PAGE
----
Thoughts: The Liminal People by Ayize Jama-Everett

liminal people

Taggert, the main character of Ayize Jama-Everett’s debut novel The Liminal People, is one of a growing number of people with supernatural powers, called the liminal people. Taggert’s power is his ability to heal, which also gives him the abilitiy to read body functions, change and stop them. The Liminal People reads like a superhero comic told in a noir prose style. Now, there are a lot of superhero stories in lots of mediums available at the moment, and I’m usually hesitant when it comes to this trope. But The Liminal People gripped me and drew me in, and I found Jama-Everett’s work manages to offer a fresh spin on the genre.

Taggert is part of the razorneck crew in Morocco, hired muscle to the mysterious and extremely dangerous Nordeen. When his ex-girlfriend calls for his help in finding her missing daughter, Taggert asks for leave and flies to London’s seedy underbelly. In a smart move, the author tells the story in the first person perspective from Taggert’s point of view. He presents something of an anti-hero, acting in a morally ambiguous area between his power as a healer and his work interrogating and harming others and liminal people with his abilities under Nordeen. His relationship with his boss is more of master-slave than mentor-mentee relationship, and over the course of the story, Taggert comes to seek freedom and his own version of a family.

In a genre that still loves white characters, a Black superhero main character is a welcome change. And not only is Taggert a complex character but he is furthermore allowed to be an anti-hero. I also loved the global aspect of the book, showing us characters of color as on the move and at home in different countries, travelling and making connections in all of them. The whole cast of characters is diverse and the author’s willingness to adress such issues as racism and slavery is one strong aspect of what sets The Liminal People apart from most superhero stories we are flooded with everyday. Because Taggert’s powers over bodies also means that he is capable of altering his appearance, and so he is very aware of how stature and lightening his skin tone allow for entering different spaces. This is a wonderful perspective from which to comment on issues of race and class. This is how you demonstrate the perspective of characters of color, the everyday issues, without it being the plot of the story.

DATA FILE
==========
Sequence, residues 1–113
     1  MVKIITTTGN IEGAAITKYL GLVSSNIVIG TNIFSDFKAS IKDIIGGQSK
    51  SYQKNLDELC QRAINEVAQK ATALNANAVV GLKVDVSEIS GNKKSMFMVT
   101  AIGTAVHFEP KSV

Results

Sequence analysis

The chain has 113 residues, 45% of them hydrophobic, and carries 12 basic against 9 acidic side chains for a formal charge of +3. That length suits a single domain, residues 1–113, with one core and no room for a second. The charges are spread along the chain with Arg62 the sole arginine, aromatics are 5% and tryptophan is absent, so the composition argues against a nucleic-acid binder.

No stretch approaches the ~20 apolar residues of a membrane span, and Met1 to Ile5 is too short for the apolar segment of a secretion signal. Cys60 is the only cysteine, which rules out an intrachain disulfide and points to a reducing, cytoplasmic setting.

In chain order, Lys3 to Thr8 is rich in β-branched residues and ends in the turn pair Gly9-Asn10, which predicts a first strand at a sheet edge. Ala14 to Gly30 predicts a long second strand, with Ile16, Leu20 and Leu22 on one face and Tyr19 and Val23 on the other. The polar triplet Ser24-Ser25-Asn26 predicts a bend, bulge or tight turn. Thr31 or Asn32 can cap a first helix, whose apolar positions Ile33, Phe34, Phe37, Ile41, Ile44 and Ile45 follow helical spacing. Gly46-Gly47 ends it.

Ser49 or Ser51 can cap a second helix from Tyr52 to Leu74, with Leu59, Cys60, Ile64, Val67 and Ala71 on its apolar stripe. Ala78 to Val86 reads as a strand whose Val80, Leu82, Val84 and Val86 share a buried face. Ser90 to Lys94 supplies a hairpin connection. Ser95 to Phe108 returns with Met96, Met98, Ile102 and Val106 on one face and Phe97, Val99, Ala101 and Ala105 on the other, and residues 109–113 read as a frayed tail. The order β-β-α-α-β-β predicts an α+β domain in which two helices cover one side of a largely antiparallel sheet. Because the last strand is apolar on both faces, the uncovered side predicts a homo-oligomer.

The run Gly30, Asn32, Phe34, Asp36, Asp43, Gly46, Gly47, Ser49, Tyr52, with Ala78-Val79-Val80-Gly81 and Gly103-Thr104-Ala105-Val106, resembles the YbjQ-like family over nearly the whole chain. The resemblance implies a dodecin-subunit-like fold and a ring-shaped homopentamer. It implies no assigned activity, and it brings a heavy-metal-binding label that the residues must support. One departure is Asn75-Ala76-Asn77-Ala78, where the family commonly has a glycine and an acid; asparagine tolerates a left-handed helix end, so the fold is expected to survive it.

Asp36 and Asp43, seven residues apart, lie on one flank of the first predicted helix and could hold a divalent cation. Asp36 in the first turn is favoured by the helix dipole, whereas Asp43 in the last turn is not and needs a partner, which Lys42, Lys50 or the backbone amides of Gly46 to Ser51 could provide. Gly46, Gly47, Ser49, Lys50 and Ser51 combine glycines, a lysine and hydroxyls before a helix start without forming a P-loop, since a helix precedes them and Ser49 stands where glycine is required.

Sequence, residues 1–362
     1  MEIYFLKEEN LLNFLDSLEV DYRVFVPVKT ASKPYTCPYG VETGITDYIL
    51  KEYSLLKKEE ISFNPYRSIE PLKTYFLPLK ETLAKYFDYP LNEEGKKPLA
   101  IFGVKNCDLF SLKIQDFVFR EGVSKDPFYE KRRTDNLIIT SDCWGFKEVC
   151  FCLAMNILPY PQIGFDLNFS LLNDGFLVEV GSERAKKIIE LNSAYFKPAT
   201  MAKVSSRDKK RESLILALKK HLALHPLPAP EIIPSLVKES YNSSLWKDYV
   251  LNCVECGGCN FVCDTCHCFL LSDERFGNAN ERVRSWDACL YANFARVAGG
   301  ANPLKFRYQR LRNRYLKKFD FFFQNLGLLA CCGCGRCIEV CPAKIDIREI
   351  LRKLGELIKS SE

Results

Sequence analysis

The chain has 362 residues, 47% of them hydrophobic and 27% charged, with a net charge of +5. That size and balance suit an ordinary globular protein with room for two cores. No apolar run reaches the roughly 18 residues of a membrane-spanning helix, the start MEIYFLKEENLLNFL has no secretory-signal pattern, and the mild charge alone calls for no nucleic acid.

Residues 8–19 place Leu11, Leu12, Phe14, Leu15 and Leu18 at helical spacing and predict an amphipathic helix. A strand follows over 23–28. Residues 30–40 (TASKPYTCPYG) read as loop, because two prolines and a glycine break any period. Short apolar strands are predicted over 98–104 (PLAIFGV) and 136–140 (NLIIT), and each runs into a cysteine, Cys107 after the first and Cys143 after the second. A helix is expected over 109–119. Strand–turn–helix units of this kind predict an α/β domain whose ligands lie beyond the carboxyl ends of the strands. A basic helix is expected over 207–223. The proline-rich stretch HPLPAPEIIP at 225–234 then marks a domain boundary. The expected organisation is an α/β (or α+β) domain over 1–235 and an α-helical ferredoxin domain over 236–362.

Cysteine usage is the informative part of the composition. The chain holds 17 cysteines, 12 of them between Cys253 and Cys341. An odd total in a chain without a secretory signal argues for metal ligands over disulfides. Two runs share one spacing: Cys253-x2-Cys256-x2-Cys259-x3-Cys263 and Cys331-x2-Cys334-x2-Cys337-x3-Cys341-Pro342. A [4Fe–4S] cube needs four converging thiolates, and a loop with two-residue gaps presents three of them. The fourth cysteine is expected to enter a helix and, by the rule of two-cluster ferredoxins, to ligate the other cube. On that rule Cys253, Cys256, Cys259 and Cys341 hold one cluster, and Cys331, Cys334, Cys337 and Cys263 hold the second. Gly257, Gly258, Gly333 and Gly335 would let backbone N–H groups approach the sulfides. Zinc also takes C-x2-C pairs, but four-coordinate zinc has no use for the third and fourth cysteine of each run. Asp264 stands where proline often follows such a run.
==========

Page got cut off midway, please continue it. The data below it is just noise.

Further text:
I may have one or two nitpicks with Taggert’s approach to the female characters but overall this is a strong story with good pacing and wonderful world-building. Having the stomach for genre-typical violence is a requirement but other than that definitely recommended, I am looking forward to seeing this author and his stories grow. The one benefit to always being late to reading exciting books is that there’s already a sequel out. The second book is called The Liminal War and there’s also a spin-off, The Entropy of Bones, available already. This is the second novel I’ve read in a short time that was published by Small Beer Press. I’m happy to see some of their books offered on Scribd, so that I get to try them. I think I need to browse their catalogue!